Friday, 28 January 2011

Sailing at a Turning Point on a New Digital Wave

The live streaming team. Image copyright Mick Anderson.

by Lars Lundov

Sailing is at the beginning of a spectator revolution that could save its place in the Olympics thanks to the rapid development of technology, key figures in Danish sailing believe.

The struggle for sailing’s soul has often focused on which classes should be favoured above the more fundamental issue of who can see what is happening on the water and the choices skippers are making.

At the end of last year at the World Yacht Racing Forum in Portugal any remnants of complacency were swept away by Pierre Ducrey. Ducrey, Head of Sports Operations at the International Olympic Committee, warned that: “all the disciplines are being reviewed every four years. You need to constantly reinvent yourselves, and create a product that is appealing to the media, the sport and the sponsors. There is always a threat and it is your responsibility to carry on growing. The key word is “added value”. That’s what sailing needs to provide to the Olympic Games.”

Much of sailing’s reinvention and ‘added value’ in the last few years has been made in Denmark and its role as a leader of this new digital world will be highlighted this year as it hosts seven world championships in ISAF classes.

“Sailing in the Olympic programme especially is jeopardised by the fact it has not had a huge television audience and it will never be a sport where you can have a stadium of 80,000 fans following it, so you have to bring sailing to the audience rather than bringing the audience to the sailing.” Thomas Capitani, executive director of Sailing Aarhus, says.

Image copyright Dank Sejlunion.

The A-Cat World Championships in Aarhus in August will provide a glimpse of the future,. A progressive team at Aarhus University and the social enterprise body, the Active Institute, will continue to drive forward the innovations in combining relatively affordable GPS tracking, live streaming, 3D and social media, that made waves at the 2008 Youth World Championships and 2010 505 World Championships in Aarhus . Also, Denmark has helped transform the expectations of both organisers and spectators for both the RS:X Worlds and PWA windsurfing events.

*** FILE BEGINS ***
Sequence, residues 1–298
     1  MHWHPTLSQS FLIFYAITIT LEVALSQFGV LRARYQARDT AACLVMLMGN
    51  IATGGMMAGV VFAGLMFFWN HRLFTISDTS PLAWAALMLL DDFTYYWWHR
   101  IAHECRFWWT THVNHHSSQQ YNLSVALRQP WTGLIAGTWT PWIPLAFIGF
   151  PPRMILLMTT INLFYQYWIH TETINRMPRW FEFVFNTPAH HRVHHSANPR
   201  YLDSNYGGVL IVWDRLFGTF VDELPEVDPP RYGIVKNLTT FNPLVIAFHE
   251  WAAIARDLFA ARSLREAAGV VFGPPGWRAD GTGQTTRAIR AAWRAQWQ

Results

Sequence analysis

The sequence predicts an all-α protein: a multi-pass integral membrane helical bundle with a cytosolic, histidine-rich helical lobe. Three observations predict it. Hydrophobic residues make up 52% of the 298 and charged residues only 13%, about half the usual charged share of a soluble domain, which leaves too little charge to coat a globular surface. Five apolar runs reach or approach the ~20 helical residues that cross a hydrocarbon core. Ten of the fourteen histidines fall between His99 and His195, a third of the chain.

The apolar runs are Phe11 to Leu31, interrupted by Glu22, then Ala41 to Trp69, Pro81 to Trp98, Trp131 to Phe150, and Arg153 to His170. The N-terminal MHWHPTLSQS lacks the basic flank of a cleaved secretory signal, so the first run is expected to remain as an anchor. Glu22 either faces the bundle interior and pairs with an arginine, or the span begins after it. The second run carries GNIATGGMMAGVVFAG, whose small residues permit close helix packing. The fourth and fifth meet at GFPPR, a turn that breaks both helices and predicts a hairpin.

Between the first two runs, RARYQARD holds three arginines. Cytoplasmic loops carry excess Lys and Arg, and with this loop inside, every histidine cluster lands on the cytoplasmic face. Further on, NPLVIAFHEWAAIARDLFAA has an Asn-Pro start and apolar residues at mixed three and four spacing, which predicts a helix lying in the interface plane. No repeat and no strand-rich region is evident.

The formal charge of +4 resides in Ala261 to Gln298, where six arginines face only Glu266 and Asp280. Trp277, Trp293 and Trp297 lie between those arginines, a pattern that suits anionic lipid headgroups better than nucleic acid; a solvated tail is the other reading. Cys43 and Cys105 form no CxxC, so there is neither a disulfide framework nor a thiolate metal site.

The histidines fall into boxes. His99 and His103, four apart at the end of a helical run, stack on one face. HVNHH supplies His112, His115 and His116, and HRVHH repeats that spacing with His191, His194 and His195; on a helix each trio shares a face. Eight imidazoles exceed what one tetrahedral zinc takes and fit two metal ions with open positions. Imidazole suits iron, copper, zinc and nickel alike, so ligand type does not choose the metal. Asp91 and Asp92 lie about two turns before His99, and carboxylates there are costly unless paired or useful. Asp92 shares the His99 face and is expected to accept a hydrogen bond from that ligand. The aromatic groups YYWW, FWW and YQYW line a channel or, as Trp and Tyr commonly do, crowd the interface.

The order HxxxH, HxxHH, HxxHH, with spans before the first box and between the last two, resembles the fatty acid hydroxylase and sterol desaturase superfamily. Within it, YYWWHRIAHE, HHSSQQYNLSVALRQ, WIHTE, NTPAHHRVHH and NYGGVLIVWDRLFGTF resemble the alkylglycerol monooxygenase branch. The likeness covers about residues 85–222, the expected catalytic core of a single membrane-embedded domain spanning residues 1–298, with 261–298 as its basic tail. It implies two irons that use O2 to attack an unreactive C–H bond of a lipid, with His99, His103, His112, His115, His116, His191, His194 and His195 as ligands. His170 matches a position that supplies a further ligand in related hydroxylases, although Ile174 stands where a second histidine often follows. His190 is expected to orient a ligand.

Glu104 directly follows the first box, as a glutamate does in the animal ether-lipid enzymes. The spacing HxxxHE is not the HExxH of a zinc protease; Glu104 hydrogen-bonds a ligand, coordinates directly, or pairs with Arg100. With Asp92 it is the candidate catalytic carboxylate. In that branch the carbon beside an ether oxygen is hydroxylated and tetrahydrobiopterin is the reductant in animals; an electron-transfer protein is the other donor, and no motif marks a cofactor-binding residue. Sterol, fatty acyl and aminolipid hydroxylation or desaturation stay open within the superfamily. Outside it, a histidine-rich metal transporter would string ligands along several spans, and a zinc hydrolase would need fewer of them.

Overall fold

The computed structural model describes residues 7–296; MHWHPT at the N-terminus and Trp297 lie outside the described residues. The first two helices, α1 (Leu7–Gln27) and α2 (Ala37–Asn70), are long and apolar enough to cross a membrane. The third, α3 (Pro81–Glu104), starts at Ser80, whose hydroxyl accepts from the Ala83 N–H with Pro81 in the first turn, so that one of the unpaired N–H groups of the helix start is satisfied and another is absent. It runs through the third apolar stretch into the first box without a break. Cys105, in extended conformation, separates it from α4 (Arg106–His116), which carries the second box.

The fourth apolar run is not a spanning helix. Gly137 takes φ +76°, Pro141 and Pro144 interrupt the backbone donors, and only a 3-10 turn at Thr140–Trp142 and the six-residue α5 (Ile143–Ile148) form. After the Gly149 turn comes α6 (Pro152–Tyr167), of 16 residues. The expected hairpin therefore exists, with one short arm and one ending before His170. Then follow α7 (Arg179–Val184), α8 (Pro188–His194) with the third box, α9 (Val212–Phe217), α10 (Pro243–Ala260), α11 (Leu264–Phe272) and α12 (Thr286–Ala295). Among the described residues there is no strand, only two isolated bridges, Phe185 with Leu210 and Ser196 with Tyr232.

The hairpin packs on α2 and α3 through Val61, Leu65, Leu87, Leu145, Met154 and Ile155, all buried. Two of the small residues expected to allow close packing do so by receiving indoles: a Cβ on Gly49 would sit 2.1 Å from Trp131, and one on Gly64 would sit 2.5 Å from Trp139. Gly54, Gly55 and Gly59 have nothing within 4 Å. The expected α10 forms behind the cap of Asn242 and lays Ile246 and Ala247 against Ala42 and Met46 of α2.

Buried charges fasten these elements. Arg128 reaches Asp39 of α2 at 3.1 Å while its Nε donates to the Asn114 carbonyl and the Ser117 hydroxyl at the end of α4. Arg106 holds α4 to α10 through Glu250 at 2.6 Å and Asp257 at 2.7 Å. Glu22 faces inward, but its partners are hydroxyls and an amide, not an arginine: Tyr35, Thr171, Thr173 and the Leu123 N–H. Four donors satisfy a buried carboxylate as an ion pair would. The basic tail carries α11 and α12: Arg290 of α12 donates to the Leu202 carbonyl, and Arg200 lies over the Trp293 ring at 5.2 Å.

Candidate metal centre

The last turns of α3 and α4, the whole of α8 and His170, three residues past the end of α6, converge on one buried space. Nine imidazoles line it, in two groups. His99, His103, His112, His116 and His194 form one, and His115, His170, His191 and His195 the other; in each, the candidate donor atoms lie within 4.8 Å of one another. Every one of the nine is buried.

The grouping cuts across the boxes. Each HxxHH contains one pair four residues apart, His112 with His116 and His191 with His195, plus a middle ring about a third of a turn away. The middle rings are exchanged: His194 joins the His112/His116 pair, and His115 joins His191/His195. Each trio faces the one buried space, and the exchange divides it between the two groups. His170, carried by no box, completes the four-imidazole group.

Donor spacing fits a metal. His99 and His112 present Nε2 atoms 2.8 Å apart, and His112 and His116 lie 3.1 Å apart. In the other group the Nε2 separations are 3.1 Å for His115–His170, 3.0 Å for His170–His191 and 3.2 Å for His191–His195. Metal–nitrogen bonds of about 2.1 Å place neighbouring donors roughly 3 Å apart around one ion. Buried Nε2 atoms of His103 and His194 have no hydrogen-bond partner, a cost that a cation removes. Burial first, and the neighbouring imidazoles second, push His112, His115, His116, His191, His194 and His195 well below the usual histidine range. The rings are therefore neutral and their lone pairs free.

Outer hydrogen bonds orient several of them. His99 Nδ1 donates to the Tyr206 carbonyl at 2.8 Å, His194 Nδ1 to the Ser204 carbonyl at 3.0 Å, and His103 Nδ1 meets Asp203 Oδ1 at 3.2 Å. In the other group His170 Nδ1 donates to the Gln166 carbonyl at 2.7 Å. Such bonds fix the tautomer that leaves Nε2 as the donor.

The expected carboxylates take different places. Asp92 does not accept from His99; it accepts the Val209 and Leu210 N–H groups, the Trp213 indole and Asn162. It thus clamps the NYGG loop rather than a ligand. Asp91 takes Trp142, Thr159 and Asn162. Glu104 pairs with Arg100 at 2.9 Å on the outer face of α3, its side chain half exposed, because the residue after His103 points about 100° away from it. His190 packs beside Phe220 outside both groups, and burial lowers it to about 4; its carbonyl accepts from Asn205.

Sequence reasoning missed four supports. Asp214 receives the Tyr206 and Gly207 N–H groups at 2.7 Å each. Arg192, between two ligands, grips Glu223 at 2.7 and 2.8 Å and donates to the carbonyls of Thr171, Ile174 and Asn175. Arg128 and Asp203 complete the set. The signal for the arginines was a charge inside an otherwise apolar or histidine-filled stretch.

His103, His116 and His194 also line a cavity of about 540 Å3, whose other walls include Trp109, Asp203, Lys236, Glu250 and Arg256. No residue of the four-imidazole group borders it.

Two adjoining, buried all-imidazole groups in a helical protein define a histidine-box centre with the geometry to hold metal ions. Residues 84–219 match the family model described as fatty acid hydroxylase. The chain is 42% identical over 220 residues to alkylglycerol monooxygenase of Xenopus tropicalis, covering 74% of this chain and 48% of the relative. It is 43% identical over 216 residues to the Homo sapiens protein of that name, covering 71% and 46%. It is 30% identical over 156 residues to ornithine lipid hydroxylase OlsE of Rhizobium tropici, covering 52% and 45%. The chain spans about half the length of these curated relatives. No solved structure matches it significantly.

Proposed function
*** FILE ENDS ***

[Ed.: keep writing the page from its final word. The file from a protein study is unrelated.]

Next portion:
Denmark has been concentrating on building popularity by making sailing more viewable, understandable and sharable, but in 2011 it will seek to make it affordable too with proven digital platforms that even small races around the world can use. The A-Cat World Championships 2011 will be an important testing ground. “We see our digital plans as the new way of appreciating and promoting sailing and The A-Cat Worlds 2011 in Denmark will be another stage in that progress” Lars Lundov, the CEO of Sport Event Denmark, says. “The opportunity is there to reach out to existing supporters and win new ones. We believe that this is a turning point for sailing – which was our key message last week, when we presented our bid for the ISAF Worlds 2014 in Southampton.”

Sailing sceptics from every class that has been to Denmark seem to have been completely won over. “When we started talking to the 505 people in 2009, a year before the event, even about the mere tracking of the boats which today is often standard, they were not against it, but neutral,” Capitani recalls cheerfully. “I think they were concerned about talking about electronics more than sailing and that skippers would not want wires hanging around their boats. But when they saw it working they realised how the integrated technology brings the racing to the public. During the World Championships we actually took Pip Pearson, the 505 President, out on the water to do a live internet commentary and he was just thrilled, he said it was his best moment in 505 sailing.”

Dansk Sejlunion